Joachim Schaeger, a German agricultural administrator, discusses farming issues with members of the AgriPOWER class.

AgriPOWER class explores Washington

Buckeye Farm News

Members of OFBF’s AgriPOWER Institute, an intensive leadership program designed to produce future agricultural leaders, took a close look at Washington politics during a recent trip to the nation’s capitol.

The visit included meetings with several Ohio lawmakers as well as a discussion of agricultural issues at the German Embassy.

To Sheri Matis of Coshocton County it was apparent that lawmakers were firm in their convictions.

“Because of the passionate beliefs the representatives have, it is more evident to me why coming to at least compromise is beyond difficult,” she said.

The Washington D.C. trip came after several meetings of the AgriPOWER class, which explored in depth how government works and how farmers can affect the political process.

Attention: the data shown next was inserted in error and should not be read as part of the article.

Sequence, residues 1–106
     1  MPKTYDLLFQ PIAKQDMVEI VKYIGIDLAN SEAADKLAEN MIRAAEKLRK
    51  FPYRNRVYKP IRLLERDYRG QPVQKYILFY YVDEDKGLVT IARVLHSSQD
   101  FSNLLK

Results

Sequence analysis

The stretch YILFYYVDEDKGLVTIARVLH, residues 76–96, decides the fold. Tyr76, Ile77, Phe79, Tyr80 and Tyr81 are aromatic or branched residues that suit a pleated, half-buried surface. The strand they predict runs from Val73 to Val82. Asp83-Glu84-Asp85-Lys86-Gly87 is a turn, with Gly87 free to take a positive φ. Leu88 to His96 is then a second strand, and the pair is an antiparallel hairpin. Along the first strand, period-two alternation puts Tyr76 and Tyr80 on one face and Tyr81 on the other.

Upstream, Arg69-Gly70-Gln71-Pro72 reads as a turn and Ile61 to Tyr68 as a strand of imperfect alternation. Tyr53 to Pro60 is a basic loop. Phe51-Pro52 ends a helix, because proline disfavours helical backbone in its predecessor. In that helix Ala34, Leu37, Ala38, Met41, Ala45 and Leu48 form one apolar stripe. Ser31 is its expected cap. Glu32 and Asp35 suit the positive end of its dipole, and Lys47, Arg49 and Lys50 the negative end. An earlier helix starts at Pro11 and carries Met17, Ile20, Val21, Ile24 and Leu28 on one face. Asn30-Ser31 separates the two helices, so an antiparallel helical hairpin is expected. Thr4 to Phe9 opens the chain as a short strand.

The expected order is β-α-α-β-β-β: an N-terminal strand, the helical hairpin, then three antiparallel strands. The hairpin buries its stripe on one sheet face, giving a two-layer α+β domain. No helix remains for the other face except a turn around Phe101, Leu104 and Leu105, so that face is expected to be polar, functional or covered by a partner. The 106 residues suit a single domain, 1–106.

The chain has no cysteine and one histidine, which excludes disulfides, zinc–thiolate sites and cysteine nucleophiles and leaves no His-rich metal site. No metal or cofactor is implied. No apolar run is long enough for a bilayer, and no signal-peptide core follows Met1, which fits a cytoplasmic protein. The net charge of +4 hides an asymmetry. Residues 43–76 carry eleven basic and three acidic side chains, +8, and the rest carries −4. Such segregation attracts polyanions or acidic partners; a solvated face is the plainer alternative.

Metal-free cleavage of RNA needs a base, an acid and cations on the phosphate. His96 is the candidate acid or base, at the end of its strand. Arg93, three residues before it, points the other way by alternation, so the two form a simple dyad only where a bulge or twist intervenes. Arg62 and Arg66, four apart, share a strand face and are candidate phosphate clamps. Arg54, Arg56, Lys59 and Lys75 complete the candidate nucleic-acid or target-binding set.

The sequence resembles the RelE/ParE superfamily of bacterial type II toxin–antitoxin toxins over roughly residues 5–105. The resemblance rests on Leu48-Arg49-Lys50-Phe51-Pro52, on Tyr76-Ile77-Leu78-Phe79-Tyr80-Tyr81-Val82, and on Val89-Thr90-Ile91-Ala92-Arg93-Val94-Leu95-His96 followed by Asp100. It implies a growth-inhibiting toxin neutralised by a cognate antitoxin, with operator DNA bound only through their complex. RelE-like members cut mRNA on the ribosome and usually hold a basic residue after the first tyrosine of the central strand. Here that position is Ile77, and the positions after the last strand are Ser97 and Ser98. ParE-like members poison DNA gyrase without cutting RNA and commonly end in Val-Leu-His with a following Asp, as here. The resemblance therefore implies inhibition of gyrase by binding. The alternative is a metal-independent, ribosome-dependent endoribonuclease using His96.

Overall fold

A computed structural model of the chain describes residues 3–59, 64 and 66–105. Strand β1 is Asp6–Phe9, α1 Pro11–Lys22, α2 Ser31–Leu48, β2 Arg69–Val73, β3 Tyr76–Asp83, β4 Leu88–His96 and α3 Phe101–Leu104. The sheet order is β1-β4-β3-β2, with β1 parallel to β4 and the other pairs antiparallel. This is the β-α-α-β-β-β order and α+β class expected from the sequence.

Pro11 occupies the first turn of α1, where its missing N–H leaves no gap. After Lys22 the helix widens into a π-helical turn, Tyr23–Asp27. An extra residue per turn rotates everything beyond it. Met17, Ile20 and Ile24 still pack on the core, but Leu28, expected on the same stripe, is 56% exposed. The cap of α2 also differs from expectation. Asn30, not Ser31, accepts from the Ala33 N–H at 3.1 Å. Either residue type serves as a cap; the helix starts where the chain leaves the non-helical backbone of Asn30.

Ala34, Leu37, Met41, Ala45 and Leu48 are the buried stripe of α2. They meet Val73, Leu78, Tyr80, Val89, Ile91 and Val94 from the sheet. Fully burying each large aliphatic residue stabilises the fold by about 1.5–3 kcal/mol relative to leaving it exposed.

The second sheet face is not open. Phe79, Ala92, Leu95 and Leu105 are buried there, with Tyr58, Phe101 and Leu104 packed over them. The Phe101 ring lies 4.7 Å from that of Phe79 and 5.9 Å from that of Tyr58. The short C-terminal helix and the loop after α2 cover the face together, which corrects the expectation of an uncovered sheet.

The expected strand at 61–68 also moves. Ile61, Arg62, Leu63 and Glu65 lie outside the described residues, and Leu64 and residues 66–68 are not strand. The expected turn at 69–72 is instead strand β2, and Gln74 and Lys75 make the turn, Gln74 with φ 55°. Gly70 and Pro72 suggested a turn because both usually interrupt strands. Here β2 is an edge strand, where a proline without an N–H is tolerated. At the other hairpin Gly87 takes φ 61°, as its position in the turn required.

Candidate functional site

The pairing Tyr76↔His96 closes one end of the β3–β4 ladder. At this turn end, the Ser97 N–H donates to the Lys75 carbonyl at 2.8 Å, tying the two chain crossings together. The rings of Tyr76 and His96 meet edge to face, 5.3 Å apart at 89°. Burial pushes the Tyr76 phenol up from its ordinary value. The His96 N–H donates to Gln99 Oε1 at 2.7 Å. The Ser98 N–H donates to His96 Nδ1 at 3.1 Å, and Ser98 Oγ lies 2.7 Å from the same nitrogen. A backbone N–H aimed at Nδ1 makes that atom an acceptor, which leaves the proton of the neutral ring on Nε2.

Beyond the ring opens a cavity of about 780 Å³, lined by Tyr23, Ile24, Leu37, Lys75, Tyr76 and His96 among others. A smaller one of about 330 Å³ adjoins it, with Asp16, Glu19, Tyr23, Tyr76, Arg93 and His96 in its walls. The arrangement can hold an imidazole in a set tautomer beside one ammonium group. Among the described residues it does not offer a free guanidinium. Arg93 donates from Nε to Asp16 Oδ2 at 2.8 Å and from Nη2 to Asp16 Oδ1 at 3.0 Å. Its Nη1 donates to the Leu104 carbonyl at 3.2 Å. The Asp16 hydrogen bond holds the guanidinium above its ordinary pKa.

“Having studied the impact of a variety of issues on agriculture at the local and state level, our trip to Washington educated us on the challenges and opportunities that our industry faces on a national and global scale,” said Katherine Harrison of Franklin County. “This allowed us a greater perspective on the connection between our individual farming operations and the need to feed people around the world.”

Following the trip, Roy Norman of Fulton County noted that taxes, regulations, trade and the economy were important issues to a strong agriculture and business sector.

“Now more than ever we need to be engaged in the political process in order to ensure the future prosperity of agriculture and small business,” he said.

Other AgriPOWER participants commented on how Farm Bureau effectively works at all levels of government.

“It is always good when you can put faces on and talk one-on-one to the people who are making our laws and make sure they don’t forget how important ag is in everyday life,” said Mark Ballmer of Fulton County.

The yearlong AgriPOWER program consists of seven weekend institutes focused on public policy issues confronting agriculture and the food industry. OFBF is currently looking for 20 individuals to participate in the 2010-2011 institute.

“I have learned so much about myself by participating in AgriPOWER,” said Laura Wood of Hardin County. “Participation in AgriPOWER is very involving and stretches your world.”

For information about applying for the next AgriPOWER Institute, visit

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